Inside University City’s Identity Crisis
Can the light rail extension spur the development of a college town?
TOBE HOLMES NEEDS to make a U-turn.
Behind the wheel of his gray Hyundai SUV, the laid-back urban planner has come to a dead end at the back of a nondescript office park—brick and asphalt repeated a dozen or so times—somewhere off of University City Boulevard.
To get out to the main road, he has to double back. It’s not the first time he’s done this today, a warm Thursday morning, as he drives me around University City. “We need about 50 more roads that are all a quarter of a mile long,” he says, meaning connector streets to link offices and homes to major thoroughfares.
Passing through this part of northeast Mecklenburg County has never been a problem. Long overlooked by many Charlotteans as a collection of suburban car dealerships and big box stores lining six-lane roads, University City doesn’t feel like much of a place. Besides its physical proximity to UNC Charlotte, this part of the city has little in the way of cohesive identity.
But University City is on the precipice of change, an evolution that includes the opening of the Blue Line Extension—plus the subsequent development it will spur adjacent to the train tracks—and the articulation of an identity. “We don’t know what modern suburbia will be in our community,” says Holmes, the planning and development director for University City Partners. “This is our chance to make it.”
HOLMES DRIVES to a strip mall on North Tryon Street, just past the new JW Clay light rail stop. The shopping center is home to a Food Lion, set a couple of hundred yards back from the road, plus a nail salon and places to get wings, Chinese takeout, and smoothies. We pause at the top of the parking lot and look across the light rail tracks and six lanes of speeding cars to the red brick and metal roofs of UNC Charlotte. Just beyond the academic buildings, the still-new football stadium is ready for the season’s first home game.
This area, Holmes says, should be the 49ers’ version of Chapel Hill’s Franklin Street or Broad Street in Athens, Georgia—iconic college town centers that become magnets for students and permanent residents to gather. “It’s a really quintessential part of college that this college doesn’t have,” he says. “It’s where you grab a slice of pizza and a beer; it’s where you carry the goalposts after a game.”
University City Partners has put together a plan for a town center anchored by the JW Clay station that would enhance existing retail and residential development with more density, better connectivity, and even a long pedestrian promenade with a park. “It’s a stroll street,” Holmes says.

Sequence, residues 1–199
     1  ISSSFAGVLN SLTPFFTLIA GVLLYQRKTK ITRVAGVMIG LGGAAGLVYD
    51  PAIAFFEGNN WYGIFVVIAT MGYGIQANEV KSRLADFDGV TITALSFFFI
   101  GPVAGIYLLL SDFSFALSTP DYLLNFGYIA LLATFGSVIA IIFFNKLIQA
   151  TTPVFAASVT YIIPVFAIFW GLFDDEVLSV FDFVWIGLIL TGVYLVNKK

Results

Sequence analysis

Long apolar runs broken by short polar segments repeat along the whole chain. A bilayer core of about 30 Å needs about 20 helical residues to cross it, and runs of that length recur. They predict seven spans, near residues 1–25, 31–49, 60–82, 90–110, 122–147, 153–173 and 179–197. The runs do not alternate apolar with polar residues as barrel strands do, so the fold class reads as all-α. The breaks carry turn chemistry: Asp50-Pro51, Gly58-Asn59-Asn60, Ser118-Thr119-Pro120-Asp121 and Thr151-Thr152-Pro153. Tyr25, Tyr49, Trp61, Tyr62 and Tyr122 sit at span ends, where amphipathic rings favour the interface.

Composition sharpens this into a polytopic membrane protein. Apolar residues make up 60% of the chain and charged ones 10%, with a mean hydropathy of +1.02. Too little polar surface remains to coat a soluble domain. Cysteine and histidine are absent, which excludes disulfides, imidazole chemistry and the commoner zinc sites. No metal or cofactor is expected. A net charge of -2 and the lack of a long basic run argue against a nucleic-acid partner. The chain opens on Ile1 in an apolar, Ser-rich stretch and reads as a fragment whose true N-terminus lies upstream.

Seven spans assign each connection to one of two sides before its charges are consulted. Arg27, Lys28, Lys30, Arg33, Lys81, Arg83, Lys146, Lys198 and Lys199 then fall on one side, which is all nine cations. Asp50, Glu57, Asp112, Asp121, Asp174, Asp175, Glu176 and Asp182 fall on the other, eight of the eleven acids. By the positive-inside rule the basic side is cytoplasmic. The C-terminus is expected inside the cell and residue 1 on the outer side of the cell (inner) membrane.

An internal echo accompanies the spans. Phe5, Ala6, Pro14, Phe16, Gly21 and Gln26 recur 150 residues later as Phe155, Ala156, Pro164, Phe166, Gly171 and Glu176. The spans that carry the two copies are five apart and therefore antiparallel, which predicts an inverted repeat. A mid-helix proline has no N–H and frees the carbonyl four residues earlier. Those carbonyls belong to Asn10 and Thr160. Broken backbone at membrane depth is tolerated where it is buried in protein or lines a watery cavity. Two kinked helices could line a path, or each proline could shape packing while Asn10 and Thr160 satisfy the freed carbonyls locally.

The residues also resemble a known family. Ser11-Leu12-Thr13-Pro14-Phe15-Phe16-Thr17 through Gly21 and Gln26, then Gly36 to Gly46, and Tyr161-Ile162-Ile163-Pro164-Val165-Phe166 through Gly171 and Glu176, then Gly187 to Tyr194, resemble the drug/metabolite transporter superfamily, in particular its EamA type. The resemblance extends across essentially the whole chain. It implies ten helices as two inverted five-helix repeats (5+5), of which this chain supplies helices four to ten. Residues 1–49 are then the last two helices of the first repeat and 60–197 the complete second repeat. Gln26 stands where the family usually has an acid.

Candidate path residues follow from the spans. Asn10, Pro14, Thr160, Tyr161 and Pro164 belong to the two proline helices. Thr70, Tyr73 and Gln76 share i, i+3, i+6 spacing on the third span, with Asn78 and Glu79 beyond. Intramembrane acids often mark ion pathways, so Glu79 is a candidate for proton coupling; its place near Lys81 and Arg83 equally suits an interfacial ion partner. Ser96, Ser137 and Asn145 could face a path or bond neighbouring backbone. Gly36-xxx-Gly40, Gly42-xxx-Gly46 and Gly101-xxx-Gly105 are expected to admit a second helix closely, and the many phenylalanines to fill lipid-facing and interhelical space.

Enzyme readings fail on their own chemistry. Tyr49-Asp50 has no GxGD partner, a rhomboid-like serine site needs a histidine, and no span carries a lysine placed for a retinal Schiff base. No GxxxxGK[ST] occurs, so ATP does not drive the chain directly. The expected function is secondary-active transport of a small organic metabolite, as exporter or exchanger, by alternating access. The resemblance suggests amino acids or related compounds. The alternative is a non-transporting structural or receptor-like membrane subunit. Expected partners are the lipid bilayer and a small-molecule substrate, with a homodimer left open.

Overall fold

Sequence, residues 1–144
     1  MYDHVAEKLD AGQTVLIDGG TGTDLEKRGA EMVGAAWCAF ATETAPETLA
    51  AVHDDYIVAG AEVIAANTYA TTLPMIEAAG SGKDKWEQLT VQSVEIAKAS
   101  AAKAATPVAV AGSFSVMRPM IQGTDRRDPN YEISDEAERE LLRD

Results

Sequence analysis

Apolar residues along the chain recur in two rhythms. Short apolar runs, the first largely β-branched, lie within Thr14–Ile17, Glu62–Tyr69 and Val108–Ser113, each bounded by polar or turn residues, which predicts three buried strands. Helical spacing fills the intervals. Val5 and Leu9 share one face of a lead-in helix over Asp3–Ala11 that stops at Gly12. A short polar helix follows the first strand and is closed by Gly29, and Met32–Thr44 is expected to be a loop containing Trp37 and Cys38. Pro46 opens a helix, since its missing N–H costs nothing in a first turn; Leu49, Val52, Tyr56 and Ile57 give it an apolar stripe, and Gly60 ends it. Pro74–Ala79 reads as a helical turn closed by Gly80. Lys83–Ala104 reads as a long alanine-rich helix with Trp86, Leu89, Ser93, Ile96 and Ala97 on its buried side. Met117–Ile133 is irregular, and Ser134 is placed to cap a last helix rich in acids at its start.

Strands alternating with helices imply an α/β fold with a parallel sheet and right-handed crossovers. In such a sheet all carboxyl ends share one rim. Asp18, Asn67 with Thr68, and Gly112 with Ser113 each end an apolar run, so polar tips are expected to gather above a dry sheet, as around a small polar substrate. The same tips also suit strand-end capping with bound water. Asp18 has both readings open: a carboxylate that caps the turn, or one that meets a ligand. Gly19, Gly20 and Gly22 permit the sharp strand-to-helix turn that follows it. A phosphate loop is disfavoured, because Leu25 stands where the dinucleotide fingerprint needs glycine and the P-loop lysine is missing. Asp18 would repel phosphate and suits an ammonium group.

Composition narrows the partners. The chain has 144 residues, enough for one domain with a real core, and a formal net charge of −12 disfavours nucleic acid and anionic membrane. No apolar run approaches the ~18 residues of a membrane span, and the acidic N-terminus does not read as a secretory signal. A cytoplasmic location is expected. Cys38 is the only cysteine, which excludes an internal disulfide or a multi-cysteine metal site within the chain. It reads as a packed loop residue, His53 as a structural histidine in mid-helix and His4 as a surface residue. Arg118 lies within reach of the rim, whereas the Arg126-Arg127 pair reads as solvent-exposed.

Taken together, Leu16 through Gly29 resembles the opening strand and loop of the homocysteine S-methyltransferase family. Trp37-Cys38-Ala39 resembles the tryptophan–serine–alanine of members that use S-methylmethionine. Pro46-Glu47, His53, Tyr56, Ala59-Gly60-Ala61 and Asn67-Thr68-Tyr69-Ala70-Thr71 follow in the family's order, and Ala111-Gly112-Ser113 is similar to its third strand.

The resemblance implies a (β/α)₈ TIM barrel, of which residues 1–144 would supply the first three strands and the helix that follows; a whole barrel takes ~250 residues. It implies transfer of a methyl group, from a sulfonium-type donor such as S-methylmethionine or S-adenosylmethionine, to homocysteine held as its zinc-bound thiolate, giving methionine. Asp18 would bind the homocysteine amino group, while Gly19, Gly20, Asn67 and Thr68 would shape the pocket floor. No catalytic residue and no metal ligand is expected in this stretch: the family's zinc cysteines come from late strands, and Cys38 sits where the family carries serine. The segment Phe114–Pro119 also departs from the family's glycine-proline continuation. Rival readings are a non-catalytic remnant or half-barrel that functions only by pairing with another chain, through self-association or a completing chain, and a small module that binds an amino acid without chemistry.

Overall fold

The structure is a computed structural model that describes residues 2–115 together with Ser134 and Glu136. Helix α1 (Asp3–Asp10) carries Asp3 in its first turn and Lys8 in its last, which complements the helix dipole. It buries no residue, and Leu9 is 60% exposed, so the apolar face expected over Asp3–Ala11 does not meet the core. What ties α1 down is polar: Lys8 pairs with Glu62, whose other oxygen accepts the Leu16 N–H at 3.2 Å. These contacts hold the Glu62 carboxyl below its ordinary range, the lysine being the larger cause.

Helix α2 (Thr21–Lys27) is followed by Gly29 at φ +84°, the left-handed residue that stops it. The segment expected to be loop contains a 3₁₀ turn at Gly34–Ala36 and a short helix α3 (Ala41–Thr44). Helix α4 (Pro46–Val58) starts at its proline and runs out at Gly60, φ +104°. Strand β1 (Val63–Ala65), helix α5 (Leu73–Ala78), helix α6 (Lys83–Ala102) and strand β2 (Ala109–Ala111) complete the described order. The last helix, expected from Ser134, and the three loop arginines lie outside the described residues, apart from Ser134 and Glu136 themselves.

Features such as these, if built, would create a heightened sense of place, that elusive identity the university area has lacked for decades. But doing that, Holmes admits, means finding partners—landowners and commercial developers, in particular—who embrace a shared vision. “There are some people who are interested in the long game and want to be really thoughtful,” Holmes says. “And then there are some people who want to be revenue positive on day one and just build some shit.”
WE PULL BACK OUT onto Tryon Street, where the speed limit is 45 miles per hour but cars routinely exceed that mark.
Imagine, Holmes tells me, being a UNC Charlotte student who wants to leave campus on foot to get a burrito. This is University City’s other significant challenge: How to balance its varied transit requirements. It needs efficient thoroughfares for commuters who leave bedroom communities for jobs in uptown every day, but also bike and pedestrian routes for college kids and light rail riders. Roads that are too wide and too fast, Holmes says, “should strike fear in anyone who walks around in a pair of tennis shoes.”
As University City becomes more of a destination, as it successfully builds an identity and people latch onto it, there is an even greater need for connectivity within the area. The Charlotte Department of Transportation is planning a bridge over I-85 to link University City’s proposed town center with the University Research Park, a sprawling campus of corporate buildings that is shockingly isolated, given its size: The corporate park is the second largest employment center in Charlotte, after uptown.
“We have everything any other suburban employment center has,” Holmes says as we make another U-turn. He pauses and grins. “And a train. And college football.”